If Gold’s a Bad Investment, Why Is This Country Buying 150% More of It?

150114_PC_lombardiI see more negativity towards gold bullion these days than ever before. And the more pessimism I hear and see, the more bullish I get on the precious metal.

After a bull market in gold bullion that lasted 12 straight years, 2013 was the correction year for gold bullion. It was the year that “separated the men from boys,” the investors from the speculators, when it came to gold bullion.

Consumer demand for gold coins continues to accelerate, and central banks around the world continue to be net buyers of the precious metal. Even small countries are getting in on the action. In 2013, Turkey imported 150% more gold bullion than it did in 2012! Turkey imported 302.3 tons of gold bullion in 2013, compared to 120.78 tons in 2012. (Source: Hurriyet Daily, January 3, 2014.)

The mainstream argument against gold bullion is that since there’s economic growth now, you don’t really need the precious metal…there’s no “crisis,” uncertainty, or inflation to send gold bullion prices higher. I don’t buy this argument for a New York minute.

The global economy is in a very fragile state. Major economic hubs are facing issues. China, India, Australia, the eurozone, and the U.S. economy show bleak economic performance. Just look at how bad the U.S. December jobs numbers were. (See “Pathetic December Jobs Numbers Proof 2014 to Be Challenging Year.”)

The third-biggest economy in the world, Japan, after years of money printing, reported an account deficit of 592 billion yen in November 2013—the country’s imports were more than its exports, as imports were up 230% over the same period a year ago. (Source: Ministry of Finance Japan, January 13, 2014.)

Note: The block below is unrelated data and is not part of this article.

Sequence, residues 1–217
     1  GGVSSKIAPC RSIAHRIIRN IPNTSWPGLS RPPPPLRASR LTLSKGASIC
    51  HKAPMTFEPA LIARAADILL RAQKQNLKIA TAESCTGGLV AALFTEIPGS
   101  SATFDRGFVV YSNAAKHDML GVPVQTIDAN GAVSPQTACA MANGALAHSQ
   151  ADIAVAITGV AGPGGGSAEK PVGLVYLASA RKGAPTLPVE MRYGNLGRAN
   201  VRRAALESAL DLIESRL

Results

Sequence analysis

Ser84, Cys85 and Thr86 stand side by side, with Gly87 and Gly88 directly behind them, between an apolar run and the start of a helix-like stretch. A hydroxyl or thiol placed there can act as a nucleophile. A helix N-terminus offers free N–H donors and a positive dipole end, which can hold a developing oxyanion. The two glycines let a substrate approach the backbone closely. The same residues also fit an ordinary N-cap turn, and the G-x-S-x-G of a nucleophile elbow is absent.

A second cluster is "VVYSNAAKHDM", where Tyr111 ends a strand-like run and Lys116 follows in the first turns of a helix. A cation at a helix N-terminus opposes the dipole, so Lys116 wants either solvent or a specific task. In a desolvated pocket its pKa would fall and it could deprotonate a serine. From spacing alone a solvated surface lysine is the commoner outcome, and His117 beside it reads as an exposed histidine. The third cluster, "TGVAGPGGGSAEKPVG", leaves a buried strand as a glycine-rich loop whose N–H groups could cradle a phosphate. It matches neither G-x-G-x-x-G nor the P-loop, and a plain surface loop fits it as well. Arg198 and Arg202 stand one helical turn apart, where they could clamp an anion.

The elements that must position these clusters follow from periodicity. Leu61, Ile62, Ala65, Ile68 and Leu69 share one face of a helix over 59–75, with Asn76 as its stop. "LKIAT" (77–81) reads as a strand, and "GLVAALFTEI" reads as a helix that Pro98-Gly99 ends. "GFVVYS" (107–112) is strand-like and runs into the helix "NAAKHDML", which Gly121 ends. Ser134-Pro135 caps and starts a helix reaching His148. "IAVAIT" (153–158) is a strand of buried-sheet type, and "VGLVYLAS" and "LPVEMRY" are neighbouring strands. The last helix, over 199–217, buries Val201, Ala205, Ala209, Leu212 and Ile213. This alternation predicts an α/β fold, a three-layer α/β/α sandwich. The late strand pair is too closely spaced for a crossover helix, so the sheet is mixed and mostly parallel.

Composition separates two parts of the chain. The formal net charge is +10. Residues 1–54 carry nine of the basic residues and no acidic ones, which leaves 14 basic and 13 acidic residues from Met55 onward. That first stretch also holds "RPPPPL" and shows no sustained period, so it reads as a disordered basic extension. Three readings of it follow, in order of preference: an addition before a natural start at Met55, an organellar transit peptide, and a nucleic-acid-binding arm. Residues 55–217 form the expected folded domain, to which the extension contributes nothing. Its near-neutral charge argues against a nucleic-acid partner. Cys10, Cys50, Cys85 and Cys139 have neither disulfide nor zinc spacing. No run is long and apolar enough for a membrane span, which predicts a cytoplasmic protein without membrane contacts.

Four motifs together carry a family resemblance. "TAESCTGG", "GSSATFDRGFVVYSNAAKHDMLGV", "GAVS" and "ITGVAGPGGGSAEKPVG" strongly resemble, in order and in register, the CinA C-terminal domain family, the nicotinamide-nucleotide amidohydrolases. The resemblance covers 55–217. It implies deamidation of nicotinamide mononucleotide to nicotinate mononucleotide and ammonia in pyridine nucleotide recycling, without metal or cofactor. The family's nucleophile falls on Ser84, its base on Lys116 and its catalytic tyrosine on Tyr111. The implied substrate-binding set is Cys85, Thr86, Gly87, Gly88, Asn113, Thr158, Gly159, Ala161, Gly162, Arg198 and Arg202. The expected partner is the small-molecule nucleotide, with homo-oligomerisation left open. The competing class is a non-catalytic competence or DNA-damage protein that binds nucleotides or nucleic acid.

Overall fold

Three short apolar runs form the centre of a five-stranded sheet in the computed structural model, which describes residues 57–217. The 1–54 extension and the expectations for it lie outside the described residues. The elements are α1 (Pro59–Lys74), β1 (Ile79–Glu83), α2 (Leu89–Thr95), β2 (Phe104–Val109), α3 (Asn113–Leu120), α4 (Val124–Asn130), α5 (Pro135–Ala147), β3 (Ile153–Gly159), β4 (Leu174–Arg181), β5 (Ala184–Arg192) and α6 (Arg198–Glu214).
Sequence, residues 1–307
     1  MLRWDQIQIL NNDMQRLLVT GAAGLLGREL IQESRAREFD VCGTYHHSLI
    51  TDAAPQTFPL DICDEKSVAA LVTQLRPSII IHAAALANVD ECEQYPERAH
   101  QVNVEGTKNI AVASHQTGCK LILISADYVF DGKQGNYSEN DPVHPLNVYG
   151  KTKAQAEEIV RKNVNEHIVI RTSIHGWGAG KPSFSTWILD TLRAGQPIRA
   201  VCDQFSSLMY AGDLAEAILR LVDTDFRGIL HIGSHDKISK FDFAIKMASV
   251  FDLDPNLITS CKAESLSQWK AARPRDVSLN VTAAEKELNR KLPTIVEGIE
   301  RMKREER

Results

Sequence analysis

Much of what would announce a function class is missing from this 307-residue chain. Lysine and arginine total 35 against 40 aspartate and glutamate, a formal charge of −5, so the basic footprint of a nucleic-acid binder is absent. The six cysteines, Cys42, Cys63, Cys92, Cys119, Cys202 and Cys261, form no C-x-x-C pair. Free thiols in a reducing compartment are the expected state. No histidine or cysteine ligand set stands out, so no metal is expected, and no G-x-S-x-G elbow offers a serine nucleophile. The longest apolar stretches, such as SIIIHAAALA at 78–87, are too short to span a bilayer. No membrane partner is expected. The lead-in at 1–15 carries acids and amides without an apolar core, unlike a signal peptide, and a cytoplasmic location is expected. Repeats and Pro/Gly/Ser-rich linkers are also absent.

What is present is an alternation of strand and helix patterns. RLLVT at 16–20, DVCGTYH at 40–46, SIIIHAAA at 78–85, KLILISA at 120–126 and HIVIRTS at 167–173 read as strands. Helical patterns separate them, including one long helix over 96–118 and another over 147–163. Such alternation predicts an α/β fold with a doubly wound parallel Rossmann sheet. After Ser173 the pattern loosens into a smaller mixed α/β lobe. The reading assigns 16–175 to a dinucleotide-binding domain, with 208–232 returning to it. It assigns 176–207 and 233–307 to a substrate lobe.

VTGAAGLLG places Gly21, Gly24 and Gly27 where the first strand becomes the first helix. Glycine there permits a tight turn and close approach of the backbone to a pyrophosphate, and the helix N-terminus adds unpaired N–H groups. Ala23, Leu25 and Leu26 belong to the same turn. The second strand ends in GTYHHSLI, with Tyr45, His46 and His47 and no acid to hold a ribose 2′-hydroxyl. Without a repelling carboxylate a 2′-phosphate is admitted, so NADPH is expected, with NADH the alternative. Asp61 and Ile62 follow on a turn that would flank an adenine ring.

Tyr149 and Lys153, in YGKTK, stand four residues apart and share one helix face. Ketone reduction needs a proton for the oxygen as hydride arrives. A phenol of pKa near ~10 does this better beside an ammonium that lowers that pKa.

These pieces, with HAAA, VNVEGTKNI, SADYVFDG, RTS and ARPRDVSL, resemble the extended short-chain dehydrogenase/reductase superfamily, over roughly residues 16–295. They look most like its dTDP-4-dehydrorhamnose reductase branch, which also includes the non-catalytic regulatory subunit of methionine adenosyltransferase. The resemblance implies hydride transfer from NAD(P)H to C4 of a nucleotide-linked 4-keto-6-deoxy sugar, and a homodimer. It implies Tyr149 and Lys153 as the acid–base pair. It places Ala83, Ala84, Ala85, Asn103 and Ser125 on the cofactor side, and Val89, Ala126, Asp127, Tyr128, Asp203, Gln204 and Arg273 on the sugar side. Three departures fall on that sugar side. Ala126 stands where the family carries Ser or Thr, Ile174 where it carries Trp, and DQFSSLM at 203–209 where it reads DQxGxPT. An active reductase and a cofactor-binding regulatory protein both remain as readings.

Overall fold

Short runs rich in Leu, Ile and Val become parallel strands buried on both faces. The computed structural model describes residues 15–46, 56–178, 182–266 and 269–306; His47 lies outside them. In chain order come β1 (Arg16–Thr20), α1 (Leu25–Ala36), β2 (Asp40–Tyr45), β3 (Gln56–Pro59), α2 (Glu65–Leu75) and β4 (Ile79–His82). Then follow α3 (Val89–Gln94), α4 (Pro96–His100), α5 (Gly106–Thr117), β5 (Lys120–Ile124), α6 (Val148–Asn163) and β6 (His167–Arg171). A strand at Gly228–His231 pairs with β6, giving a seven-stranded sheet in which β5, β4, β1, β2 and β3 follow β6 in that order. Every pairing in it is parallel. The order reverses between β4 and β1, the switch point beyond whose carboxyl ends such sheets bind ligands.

Through money printing and the lowering of the value of the yen, the Japanese central bank wanted to increase the country’s exports. It backfired…just like I believe artificially low interest rates and trillions of dollars in new money created here in the U.S. will backfire.

Many small world countries are in trouble. In Denmark, consumer debt has increased to 321% of the disposable income. This means that for every dollar earned, Danish consumers owe $3.21. In Sweden, debt compared to disposable income is around 180%—for every dollar earned, Swedish consumers owe $1.80. (Source: Bloomberg, January 14, 2014.) And Canada’s consumer debt level is at a record high.

On the monetary side, we have too much new money printed, too much debt among consumers. Economically, we are entering a period of slow growth for world economies (which will likely result in more money printing). Fundamentally, we have consumers and central banks retching up their gold buying.

The stocks of senior gold producing companies with lost cost production and proven reserves are selling at bargain basement prices. I believe we will one day look back at 2013 and say, “Boy, were gold stocks ever a bargain back then.”